3.             Ray, S.K., Bhattacharyya, T., Sarkar, D., et al. (2013). Baseline Data Black Soil Region (BSR) Part I Working Report No.2, NAIP Component - 4 Project on"Georeferenced Soil Information System for Land Use Planning and Monitoring Soil and Land Quality for Agriculture", Lead Center, NBSS Publ 1063a, NBSS & LUP, Nagpur.   pp.1-498..

    4.             Ray, S.K., Bhattacharyya, T., Sarkar, D., et al. (2013). Baseline Data Black Soil Region (BSR) Part II Working Report No.2, NAIP Component - 4 Project on "Georeferenced Soil Information System for Land Use Planning and Monitoring Soil and Land Quality for Agriculture", Lead Center, NBSS Publ 1063b, NBSS & LUP, Nagpur. pp. 499-903.

    5.             Bhattacharyya, T., Sarkar, D., Ray, S.K., et al. (2014). Soil Datasets of the Hot Spots Indo-Gangetic Plain (IGP) Working Report No.3, NAIP Component - 4 Project on "Georeferenced Soil Information System for Land Use Planning and Monitoring Soil and Land Quality for Agriculture", Lead Center, NBSS Publ 1064 NBSS & LUP, Nagpur.   p183.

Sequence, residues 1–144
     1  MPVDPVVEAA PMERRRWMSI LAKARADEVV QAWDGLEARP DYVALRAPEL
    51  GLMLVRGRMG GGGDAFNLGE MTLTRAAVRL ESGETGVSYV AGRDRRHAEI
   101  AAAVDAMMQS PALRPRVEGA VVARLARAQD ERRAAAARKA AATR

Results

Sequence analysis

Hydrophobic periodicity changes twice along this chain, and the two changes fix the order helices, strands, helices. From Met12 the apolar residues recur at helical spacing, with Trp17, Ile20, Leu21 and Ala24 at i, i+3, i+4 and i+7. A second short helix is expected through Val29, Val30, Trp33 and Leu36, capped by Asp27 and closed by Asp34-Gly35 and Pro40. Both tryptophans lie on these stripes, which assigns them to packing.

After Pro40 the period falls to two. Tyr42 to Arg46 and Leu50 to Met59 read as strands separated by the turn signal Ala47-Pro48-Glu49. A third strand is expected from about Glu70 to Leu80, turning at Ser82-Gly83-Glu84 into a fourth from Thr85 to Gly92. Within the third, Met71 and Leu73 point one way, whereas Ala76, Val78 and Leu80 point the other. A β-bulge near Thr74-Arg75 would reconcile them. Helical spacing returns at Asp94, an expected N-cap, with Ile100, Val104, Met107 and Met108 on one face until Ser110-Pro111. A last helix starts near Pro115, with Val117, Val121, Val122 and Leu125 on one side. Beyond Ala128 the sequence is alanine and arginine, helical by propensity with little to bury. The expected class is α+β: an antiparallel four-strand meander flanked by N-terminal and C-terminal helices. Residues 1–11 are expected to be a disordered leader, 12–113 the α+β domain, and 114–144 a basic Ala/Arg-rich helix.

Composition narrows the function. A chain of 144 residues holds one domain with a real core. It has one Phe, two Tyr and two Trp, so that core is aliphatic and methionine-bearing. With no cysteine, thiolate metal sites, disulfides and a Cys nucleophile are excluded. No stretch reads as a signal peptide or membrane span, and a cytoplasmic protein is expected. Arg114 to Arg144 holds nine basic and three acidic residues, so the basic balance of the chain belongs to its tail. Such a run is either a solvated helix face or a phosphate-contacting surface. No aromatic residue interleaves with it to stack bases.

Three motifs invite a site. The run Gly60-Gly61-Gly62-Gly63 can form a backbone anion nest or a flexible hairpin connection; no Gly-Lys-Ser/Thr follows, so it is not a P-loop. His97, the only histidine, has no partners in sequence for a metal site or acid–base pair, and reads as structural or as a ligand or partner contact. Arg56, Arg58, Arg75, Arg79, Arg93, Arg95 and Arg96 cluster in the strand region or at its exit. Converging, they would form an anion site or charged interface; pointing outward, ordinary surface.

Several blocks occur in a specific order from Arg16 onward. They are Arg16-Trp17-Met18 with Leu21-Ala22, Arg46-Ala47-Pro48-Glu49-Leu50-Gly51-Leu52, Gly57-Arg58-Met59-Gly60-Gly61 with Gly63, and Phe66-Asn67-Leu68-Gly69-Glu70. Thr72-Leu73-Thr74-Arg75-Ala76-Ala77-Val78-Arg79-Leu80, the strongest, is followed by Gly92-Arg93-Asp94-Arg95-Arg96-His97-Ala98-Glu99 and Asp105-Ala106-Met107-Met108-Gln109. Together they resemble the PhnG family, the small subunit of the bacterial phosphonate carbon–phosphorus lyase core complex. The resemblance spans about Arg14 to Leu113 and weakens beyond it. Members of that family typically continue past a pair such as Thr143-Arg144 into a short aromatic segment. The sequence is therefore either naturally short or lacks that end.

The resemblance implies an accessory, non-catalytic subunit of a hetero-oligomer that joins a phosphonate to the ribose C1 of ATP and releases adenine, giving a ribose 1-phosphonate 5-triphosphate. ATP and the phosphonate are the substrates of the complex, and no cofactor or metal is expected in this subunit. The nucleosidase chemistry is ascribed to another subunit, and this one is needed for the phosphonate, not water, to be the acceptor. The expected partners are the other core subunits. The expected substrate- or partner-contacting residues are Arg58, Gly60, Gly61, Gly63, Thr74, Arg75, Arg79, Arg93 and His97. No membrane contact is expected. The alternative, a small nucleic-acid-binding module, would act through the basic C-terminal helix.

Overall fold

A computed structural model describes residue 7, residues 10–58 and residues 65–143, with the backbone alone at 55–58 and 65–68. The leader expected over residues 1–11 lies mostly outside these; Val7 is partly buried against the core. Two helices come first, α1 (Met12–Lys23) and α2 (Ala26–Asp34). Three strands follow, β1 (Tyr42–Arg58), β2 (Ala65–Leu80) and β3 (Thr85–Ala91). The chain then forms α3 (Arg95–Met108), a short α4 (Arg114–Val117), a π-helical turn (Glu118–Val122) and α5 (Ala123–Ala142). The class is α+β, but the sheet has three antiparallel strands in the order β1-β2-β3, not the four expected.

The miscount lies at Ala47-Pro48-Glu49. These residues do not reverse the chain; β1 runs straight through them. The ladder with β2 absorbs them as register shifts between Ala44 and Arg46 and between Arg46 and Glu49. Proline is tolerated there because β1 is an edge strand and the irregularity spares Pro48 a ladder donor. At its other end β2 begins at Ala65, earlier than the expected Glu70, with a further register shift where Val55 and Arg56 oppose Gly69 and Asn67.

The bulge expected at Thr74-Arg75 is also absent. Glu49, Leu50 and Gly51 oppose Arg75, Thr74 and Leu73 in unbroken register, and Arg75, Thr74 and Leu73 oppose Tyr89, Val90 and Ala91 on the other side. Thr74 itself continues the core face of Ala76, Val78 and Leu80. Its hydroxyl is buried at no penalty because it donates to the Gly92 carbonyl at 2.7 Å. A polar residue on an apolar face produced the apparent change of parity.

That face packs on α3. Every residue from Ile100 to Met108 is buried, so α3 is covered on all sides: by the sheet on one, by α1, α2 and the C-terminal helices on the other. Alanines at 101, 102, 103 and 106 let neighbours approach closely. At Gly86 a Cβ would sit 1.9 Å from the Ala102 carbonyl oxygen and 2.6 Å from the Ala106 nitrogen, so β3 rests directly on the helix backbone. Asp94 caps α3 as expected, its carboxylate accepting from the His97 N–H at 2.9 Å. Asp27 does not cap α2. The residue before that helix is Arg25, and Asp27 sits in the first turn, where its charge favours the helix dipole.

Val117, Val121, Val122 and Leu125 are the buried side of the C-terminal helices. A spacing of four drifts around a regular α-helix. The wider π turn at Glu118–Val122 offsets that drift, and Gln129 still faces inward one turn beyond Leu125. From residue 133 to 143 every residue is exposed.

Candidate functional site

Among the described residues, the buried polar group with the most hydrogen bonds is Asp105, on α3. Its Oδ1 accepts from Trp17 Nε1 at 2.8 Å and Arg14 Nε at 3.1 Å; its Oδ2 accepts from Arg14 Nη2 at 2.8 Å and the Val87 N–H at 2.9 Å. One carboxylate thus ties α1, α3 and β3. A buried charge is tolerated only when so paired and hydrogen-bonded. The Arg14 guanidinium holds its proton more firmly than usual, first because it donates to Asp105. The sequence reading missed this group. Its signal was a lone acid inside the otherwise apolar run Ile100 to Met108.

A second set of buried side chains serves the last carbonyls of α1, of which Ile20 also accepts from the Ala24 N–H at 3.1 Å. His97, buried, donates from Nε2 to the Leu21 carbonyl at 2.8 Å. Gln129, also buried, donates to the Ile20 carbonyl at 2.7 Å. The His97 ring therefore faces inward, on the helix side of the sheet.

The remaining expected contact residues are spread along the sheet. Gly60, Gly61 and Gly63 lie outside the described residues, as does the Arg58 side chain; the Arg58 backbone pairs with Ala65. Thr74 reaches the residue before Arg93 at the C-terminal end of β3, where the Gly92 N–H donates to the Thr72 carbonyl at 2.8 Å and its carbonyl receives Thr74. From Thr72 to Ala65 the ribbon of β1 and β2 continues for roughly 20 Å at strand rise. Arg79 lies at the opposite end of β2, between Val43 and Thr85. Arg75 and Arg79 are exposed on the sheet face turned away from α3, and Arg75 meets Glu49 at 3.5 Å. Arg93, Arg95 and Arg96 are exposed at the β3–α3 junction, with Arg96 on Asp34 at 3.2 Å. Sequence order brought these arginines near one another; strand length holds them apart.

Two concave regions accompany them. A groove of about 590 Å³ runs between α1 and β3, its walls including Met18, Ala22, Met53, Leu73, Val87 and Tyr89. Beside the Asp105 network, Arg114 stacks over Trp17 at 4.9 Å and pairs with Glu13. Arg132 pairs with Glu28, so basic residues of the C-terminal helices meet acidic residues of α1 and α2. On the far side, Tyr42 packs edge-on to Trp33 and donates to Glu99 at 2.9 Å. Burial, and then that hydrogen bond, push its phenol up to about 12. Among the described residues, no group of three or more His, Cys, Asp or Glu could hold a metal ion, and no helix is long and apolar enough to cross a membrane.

6.             Bhattacharyya, T., Sarkar, D., Ray, S.K., et al. (2014). Soil Datasets of the Hot Spots Black Soil Region (BSR) Working Report No.4, NAIP Component - 4 Project on "Georeferenced Soil Information System for Land Use Planning and Monitoring Soil and Land Quality for Agriculture", Lead Center, NBSS Publ 1065, NBSS & LUP, Nagpur.   p. 228.

    7.             Raychaudhuri, Mausumi, Kundu, D.K., Mandal, K.G., et al. (2014). Physical Properties of IGP & BSR Soils To  Assess Soil and  Land Quality, Working Report  No.5, NAIP Component - 4 Project on "Georeferenced Soil  Information System for Land Use Planning and Monitoring Soil and Land Quality for Agriculture" NBSS Publ 1066, NBSS&LUP, Nagpur. p.164.